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Osmo Vänskä /// Music Director

Saturday Evening Presto Series


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Vänskä Conducts The Planets

About This Concert:

Drawing on cosmic, Cubist and cultural influences, this concert is both nuanced and mesmerizing, featuring work by the gifted Syrian-American composer Kareem Roustom, as well as John Adams and the ever-inspiring Gustav Holst.

*ROUSTOM
Ramal

*ADAMS
Gnarly Buttons for Clarinet and Small Orchestra

HOLST
The Planets

Fun Facts:

  • Roustom’s Ramal, commissioned by Daniel Barenboim for the West-Eastern Divan Orchestra, was described by The New York Times as “propulsive, colorful and [an] immediately appealing creation.”
  • The Guardian praises Ramal as “arrestingly quirky and postmodern…music with lots of personality” and the Chicago Tribune has described Roustom as “a gifted and accomplished artist…one of the most prominent active Arab-American composers.”
  • Composer John Adams says the title of his work refers both to the “gnarly buttons” on trees, and the keys on a clarinet.
  • A fan of astrology, Holst based the narrative of The Planets in astrology, not astronomy, with each movement evoking the mythological characteristics of various planets.
  • Award-winning composer John Williams used rhythms and harmonies from the Mars movement as an inspiration for the soundtrack of Star Wars.

*This work is part of Minnesota Orchestra’s season-long exploration and celebration of American music. Learn more about our American Expressions festival in January 2019.

Accessibility

Assisted listening devices available Large print program available Wheelchair seating availableService dogs welcomePlease refrain from using strong perfumes and colognes

Read more about Accessibility at Orchestra Hall.

Sat Sep 29 8pm

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Celebrating Northrop's Restored Pipe Organ

About This Concert:

Celebrate the restoration of Northrop’s prized organ with music of contemporary composer John Harbison and Saint-Saëns that showcases its rich sound and tremendous resonance.

  • Minnesota Orchestra
  • Osmo Vänskä, conductor
  • Paul Jacobs, organ

BACH/Hubay
Chaconne from Partita No. 2

*HARBISON
What Do We Make of Bach? for Orchestra and Obbligato Organ [World Premiere]

SAINT SAËNS
Symphony No. 3, Organ Symphony

Please note: This concert will be performed at Northrop at the University of Minnesota.

Fun Facts:

  • This concert is presented in collaboration with Northrop, University of Minnesota.
  • With 7068 pipes that vary from straw-sized to 32 feet, the organ takes up a space roughly equal to the width of Northrop's stage.
  • In 1999, the Organ Historical Society named Northrop’s organ an “exceptional historic merit worth of preservation.”
  • Harbison, the Minnesota Orchestra’s 2018-19 Featured Composer, is celebrating his 80th birthday in 2018.
  • In 1998, John Harbison won the Heinz Award for the Arts and Humanities. He has also received a Kennedy Center Friedheim First Prize for his Piano Concerto as well as a MacArthur Fellowship.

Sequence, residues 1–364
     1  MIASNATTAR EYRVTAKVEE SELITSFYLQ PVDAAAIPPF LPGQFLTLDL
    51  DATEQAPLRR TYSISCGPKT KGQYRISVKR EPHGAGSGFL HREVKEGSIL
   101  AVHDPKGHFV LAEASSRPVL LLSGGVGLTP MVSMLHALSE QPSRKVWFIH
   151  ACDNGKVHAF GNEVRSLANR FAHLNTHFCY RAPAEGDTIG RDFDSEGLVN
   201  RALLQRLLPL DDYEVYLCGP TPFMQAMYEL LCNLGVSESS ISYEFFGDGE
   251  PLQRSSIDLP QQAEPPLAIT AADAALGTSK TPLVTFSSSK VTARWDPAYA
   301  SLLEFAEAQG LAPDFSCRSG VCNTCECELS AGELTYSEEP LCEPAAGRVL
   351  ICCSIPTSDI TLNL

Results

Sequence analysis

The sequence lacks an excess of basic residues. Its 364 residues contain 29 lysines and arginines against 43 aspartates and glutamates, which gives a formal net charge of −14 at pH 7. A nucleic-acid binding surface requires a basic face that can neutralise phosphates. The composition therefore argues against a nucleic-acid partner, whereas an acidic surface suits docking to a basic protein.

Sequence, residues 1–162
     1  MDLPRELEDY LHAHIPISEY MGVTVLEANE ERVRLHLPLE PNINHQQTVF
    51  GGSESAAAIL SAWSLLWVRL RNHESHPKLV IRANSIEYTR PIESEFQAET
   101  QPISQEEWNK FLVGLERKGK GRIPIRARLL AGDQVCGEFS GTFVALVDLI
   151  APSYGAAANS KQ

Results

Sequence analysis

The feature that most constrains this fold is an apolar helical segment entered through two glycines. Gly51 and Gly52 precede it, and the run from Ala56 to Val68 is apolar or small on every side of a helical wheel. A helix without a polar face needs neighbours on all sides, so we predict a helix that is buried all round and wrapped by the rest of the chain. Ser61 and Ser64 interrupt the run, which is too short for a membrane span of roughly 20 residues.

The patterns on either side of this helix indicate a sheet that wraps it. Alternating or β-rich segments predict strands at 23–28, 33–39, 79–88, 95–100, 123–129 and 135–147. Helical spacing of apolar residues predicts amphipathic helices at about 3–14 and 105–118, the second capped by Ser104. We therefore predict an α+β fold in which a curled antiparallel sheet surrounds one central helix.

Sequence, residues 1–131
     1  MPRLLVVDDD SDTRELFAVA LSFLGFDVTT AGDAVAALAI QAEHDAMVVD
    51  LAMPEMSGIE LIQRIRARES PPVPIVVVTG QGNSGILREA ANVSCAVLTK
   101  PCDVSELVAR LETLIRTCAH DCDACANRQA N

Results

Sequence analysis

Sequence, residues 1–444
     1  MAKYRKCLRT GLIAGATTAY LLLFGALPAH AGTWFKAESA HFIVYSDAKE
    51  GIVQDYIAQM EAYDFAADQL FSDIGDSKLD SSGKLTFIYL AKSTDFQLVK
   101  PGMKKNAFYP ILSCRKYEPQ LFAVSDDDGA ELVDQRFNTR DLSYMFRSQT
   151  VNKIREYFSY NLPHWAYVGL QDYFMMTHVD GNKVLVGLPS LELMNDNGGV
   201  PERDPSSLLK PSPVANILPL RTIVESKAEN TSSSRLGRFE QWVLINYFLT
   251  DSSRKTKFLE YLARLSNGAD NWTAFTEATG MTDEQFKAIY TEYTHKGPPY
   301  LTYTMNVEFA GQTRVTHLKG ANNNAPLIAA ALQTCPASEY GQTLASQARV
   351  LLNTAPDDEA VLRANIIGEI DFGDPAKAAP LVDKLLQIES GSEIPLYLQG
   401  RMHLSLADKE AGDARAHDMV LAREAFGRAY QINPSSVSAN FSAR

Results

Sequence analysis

• A rockstar of the organ world, Paul Jacobs played Bach’s complete organ works in an 18-hour marathon performance on the 250th anniversary of the composer’s death.
  • Saint-Saëns’ beloved Organ Symphony was the third and final of his symphonies.
  • Historians speculate that Bach composed the Chaconne between 1718 and 1720, after returning from a trip to find his wife Maria Barbara had died.

*This work is part of Minnesota Orchestra’s season-long exploration and celebration of American music. Learn more about our American Expressions festival in January 2019.

Accessibility

Assisted listening devices available Large print program available Wheelchair seating availableService dogs welcomePlease refrain from using strong perfumes and colognes

Read more about Accessibility at Orchestra Hall.

Sat Oct 13 8pm

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A Christmas Oratorio

About This Concert:

Join us for the grand finale of Bach’s six-part Oratorio as the Minnesota Chorale celebrates the naming and adoration of the Christ in the last three passionate cantatas of this soaring, sacred work.

  • Minnesota Orchestra
  • Nicholas Kraemer, conductor
  • Sherezade Panthaki, soprano
  • Robin Blaze, countertenor
  • Richard Croft, tenor
  • Christopher Edwards, baritone
  • Minnesota Chorale

BACH
Orchestral Suite No. 3 

BACH
Christmas Oratorio, Cantatas 4, 5 and 6

Fun Facts:

  • Bach’s Christmas Oratorio was written with the intention of each cantata being performed a different night over the 12 days of Christmas.
  • The Christmas Oratorio, completed around Christmastime of 1734, is a set of six cantatas. Much like the passions of Matthew and John, it features a tenor Evangelist telling the story of Christ as it appears in the gospels of Luke and Matthew.
  • For the Oratorio, Bach borrowed his own music, adapting choruses and arias from earlier secular works for this large-scale endeavor.
  • A British conductor with a lifelong affinity for Bach and baroque music, Nicholas Kraemer “brings a zest and exuberance to even the most familiar works.” Chicago Classical Review

Accessibility

Assisted listening devices available Large print program available Wheelchair seating availableService dogs welcomePlease refrain from using strong perfumes and colognes

Read more about Accessibility at Orchestra Hall.

Sat Dec 8 8pm

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Vänskä Conducts American Nomad

About This Concert:

Join the Minnesota Orchestra and our virtuoso trumpeter Charles Lazarus for a performance showcasing the multifaceted beauty, scope and originality of talented trailblazers in the landscape of contemporary American sound.

*SCHUMAN
New England Triptych

*HEITZEG
American Nomad, for Trumpet and Orchestra

*PRICE
Symphony No. 3

Fun Facts: